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uterine painEndometriosis is one of the most common gynecological diseases and can cause chronic pelvic pain and chronic lower abdominal pain, menstrual cramps, pain with vaginal penetration during sex, abnormal bleeding and infertility. Available conventional therapies include hormonal therapies, pain medication and surgery. A natural substance that is free of side effects, and one that shows efficacy would be a very appealing option. A well known supplement, N-acetylcysteine (NAC), which is the acetylated form of the amino acid cysteine, occurs naturally in some substances such as garlic.

This observational cohort study was designed to compare the progression of ovarian endometriomas in N-acetyl cysteine (NAC) treatment patients and untreated control patients. Patients were given either NAC 600 mg three times daily, 3 consecutive days per week or not, for an observation period of 3 months. At the end of the 3 month observation period, endometriomas (ovarian cysts or chocolate cysts related to endometriosis), were evaluated by pelvic ultrasound, by a trained physician, who was blinded as to which group the patients had been in.

A total of 92 Italian women, 47 in the NAC treated group and 45 in the untreated group were ultimately included. Women were enrolled to select inclusion criteria: 1) an ultrasound diagnosis of ovarian endometrioma 2) no hormonal treatment in the previous 2 months 3) laparoscopic surgery scheduled due to the presence of either a large endometrioma 30 mm or greater, pain or infertility.

In the NAC treated group, 24 patients cancelled their scheduled laparoscopy due to a decrease or disappearance of cysts, pain reduction or pregnancy. Again, in the NAC treated group, 14 women had decreased ovarian cysts (-1.5 mm average), 8 had a complete disappearance, 21 had pain reduction and 1 became pregnant. In the control group, only 1 patient cancelled surgery. There were 4 endometriomas that disappeared. Overall, more cysts reduced and fewer cysts increased in size in the NAC group. There were 4 newly formed cysts in the NAC group vs. 4 in the untreated group. After the observation period, a total of 8 pregnancies occurred in the NAC treated group and 6 in the untreated group.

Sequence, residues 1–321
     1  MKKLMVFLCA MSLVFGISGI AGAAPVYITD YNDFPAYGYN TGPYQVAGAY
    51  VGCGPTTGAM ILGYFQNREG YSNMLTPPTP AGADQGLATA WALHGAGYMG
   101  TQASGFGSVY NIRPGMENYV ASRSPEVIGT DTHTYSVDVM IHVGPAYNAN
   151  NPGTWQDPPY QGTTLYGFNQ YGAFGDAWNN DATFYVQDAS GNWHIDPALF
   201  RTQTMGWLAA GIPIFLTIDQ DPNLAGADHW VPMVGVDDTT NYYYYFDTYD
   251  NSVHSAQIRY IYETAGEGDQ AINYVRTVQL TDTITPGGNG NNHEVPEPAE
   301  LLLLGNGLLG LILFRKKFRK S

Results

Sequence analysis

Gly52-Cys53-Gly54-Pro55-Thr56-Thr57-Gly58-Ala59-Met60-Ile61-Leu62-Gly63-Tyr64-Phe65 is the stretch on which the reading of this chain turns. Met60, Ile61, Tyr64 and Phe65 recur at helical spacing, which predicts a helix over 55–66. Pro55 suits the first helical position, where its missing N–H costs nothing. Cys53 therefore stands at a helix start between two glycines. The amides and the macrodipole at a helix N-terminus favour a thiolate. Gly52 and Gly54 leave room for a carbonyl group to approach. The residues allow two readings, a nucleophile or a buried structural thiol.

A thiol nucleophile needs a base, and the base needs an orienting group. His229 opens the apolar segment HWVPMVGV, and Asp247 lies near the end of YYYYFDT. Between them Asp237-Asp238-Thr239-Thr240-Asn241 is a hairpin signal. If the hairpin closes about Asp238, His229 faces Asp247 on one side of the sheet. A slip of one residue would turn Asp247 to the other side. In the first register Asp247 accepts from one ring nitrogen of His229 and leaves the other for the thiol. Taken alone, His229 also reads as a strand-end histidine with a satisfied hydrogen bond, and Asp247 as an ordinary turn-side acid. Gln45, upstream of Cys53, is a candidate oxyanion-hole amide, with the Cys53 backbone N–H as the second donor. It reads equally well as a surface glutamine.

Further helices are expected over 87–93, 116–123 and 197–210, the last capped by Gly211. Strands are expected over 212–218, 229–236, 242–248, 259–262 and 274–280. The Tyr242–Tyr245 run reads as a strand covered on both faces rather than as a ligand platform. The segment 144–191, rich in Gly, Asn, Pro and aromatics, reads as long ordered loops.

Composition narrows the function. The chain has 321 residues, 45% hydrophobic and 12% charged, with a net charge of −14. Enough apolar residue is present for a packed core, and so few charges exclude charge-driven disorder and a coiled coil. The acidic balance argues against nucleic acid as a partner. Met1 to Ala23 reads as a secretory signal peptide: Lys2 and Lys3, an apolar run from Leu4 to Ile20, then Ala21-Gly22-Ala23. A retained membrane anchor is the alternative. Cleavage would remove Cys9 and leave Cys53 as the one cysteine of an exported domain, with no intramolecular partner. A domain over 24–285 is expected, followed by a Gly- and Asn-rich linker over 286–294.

Commentary: Up to 10% of reproductive aged women have endometriosis. In women with infertility, the numbers may be as high as 50%. The results of this study are impressive and actually compares to the results reported in a randomized placebo controlled study on 100 women treated for 4 months with oral contraceptives. In addition, there was one pregnancy during the study period and more after, which is of course a contrast with women who stay on oral contraceptives to manage their endometriosis. NAC does not negatively affect fertility, and if one looks to other research on insulin resistance and PCOS, we will find that NAC improves ovulation and thus fertility, similar to metformin, in PCOS patients. Previous evidence shows that NAC modulates the pathogenesis of endometriosis via several pathways. NAC decreases abnormal cell proliferation, decreases the invasive behavior of the endometriosis cells, decreases inflammatory substances, regulates expression of inflammation related genes, and stimulates cell differentiation. I will be interested in using NAC for not only treatment of current endometriomas, as well as endometriosis, as well as prevention of recurrence after a surgery.

Reference:

Porpora M, Brunelli R, Costa G, et al. A promise in the treatment of endometriosis: an observational cohort study on ovarian endometrioma reduction by N-acetylcysteine. Evidence-Based Complementary and Alternative Medicine. 2013; April. Article ID 240702, 7 pages http://dx.doi.org/10.1155/2013/240702